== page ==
“How about self-esteem?” the therapist proposed. “He’s been a stay-at-home dad without a college degree while you’ve gone on to get a master’s and a really good job. Think about how that might be affecting his decisions.”
Kathleen thought it over and eventually agreed. A need to bolster his self-esteem would explain why he would want to go after the most prestigious degree available. She added “self-esteem” to “financial security” and “health concerns,” as the interests underlying Mark’s demand.
Tying Interests into Negotiations
When Kathleen met with her attorney later in the week, she said she understood Mark’s interests, but she didn’t see how that would help her negotiate. Mr. Daniels suggested that they find out specifically what kinds of jobs graduates of each program held. It might be that there was very little difference between the two schools, in spite of Cornell’s higher prestige. If so, she could try to get Mark to focus on the self-esteem his ultimate job would provide, rather than just the name recognition of a more famous school. He also suggested that they focus on Mark’s other interests, not just those closely tied up with this demand.
“Well I know that parenting is very important to him,” Kathleen responded. “He’s proposed having the kids stay with him for three weekends a month at his parents’ house in New Jersey. Then he wants to flip the schedule in the summers, so that he has them during the week. It doesn’t seem practical though for him to travel to New Jersey from upstate New York three times a month. How would he get his studying done? And I don’t want to agree to it either. I work hard during the week, so weekends are when I have the most time with the kids.”
“Okay, so point out the drawbacks with his proposal. Then come up with a parenting plan that will give him 50/50 time if he stays in New Jersey. Since you know he’s invested in good parenting, approach it from the angle of what’s best for the kids. Explain that it will be less disruptive for them to have a plan that’s closer to your current parenting arrangement.”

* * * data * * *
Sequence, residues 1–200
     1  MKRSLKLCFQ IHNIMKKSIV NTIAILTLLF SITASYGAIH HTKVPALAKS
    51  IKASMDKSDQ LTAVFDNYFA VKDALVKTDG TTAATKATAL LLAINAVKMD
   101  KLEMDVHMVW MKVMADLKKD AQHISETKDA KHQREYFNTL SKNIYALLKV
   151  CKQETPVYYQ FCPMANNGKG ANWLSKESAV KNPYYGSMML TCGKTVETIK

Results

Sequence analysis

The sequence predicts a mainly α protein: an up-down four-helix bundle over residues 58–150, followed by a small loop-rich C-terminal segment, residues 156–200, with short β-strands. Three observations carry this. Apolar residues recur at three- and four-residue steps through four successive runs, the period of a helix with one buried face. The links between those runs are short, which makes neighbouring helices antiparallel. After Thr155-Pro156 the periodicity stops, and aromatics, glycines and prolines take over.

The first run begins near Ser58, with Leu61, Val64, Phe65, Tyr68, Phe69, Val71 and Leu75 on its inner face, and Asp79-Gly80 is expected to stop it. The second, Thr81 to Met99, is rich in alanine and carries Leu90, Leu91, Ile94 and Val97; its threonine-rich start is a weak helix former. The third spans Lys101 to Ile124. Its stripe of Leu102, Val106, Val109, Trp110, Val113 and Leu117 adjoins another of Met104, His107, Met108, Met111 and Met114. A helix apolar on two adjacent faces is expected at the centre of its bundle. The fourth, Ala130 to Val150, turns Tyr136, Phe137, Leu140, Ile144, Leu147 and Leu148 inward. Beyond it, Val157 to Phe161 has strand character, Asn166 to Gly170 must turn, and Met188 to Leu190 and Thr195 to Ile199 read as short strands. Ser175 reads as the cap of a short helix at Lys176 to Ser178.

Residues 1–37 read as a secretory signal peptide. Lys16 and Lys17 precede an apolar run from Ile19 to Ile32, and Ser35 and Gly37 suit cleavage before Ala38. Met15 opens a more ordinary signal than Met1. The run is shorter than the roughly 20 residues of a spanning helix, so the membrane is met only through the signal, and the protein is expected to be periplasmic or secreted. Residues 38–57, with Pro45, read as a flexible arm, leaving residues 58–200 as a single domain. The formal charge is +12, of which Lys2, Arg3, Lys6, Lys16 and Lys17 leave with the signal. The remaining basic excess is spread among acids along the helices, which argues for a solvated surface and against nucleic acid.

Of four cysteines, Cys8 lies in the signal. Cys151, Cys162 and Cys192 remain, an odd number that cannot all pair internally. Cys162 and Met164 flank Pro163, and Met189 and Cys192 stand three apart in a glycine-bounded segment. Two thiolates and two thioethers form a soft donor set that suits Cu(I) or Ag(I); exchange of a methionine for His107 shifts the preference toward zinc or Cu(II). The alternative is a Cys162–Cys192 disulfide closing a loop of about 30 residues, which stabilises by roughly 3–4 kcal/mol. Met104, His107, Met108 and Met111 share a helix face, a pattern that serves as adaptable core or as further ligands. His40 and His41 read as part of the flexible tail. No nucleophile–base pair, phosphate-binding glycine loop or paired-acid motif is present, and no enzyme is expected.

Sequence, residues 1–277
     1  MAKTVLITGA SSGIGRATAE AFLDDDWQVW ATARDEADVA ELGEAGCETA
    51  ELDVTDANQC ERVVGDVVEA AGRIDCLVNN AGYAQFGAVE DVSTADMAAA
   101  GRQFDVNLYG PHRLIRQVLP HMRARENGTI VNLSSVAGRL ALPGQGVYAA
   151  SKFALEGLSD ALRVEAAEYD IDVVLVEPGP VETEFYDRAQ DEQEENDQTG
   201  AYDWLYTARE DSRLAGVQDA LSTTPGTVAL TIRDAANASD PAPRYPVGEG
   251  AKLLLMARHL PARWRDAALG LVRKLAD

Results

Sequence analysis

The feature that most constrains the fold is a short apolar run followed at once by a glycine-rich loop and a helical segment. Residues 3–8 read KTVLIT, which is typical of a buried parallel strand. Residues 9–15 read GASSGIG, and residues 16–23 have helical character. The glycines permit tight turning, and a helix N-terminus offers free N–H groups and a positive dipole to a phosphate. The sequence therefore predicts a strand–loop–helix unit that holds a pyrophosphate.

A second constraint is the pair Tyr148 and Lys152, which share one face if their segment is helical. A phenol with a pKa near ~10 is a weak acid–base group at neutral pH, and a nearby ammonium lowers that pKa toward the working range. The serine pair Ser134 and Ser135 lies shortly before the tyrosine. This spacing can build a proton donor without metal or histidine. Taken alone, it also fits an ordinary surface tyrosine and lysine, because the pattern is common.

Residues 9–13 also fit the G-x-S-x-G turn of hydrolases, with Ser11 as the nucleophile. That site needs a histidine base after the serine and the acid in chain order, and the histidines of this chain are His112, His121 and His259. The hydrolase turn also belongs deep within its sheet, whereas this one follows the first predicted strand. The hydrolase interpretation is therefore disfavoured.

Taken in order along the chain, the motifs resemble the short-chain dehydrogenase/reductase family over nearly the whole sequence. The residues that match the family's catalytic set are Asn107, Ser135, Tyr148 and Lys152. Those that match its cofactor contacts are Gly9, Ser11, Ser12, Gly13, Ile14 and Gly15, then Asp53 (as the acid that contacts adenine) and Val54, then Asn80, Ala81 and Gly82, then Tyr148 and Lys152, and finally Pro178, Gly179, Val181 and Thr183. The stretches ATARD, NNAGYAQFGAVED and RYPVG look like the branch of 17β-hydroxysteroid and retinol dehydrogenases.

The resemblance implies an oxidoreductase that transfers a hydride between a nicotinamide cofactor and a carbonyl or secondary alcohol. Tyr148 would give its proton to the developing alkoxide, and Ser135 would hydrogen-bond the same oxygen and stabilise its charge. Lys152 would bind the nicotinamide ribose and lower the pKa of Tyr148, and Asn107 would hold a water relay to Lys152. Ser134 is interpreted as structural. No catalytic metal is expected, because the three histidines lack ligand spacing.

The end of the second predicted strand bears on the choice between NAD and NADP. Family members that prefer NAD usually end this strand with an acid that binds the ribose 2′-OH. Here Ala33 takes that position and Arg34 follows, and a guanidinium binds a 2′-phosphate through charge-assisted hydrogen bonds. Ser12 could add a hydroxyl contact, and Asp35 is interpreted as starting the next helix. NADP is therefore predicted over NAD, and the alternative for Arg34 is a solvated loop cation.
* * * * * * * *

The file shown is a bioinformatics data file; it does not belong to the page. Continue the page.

Identifying a Bottom Line
Mr. Daniels also advised Kathleen to identify a bottom line before she started to negotiate. “If Mark is still set on Cornell after you point out all the benefits of staying in New Jersey, you could tell him that you are willing to pay for the cost of the Rutgers’ program, but that he will have to take out student loans to make up the difference. After all, if his argument is that he will get a better job if he attends Cornell, then it should follow that he will also be able to afford to pay back loans for the additional costs of going there. Be very careful also to state that if he gets any grant money, that should come out of your contribution. This year the school took your income into account, but next year when he’s single, things could be different.”
After talking to both Dr. White and Mr. Daniels, Kathleen felt much more prepared to go back and negotiate with Mark. By the end of their next session, Mark hadn’t yet made a final decision about which school to attend. He had agreed though, that spending more than two weekends per month with the kids probably wouldn’t be feasible if he was living in upstate New York. He’d also agreed to accept Kathleen’s offer of a $62,000 total contribution, regardless of which school he ultimately chose.
Do you think interest-based negotiations would help you resolve your issues? Contact us today for a free consultation.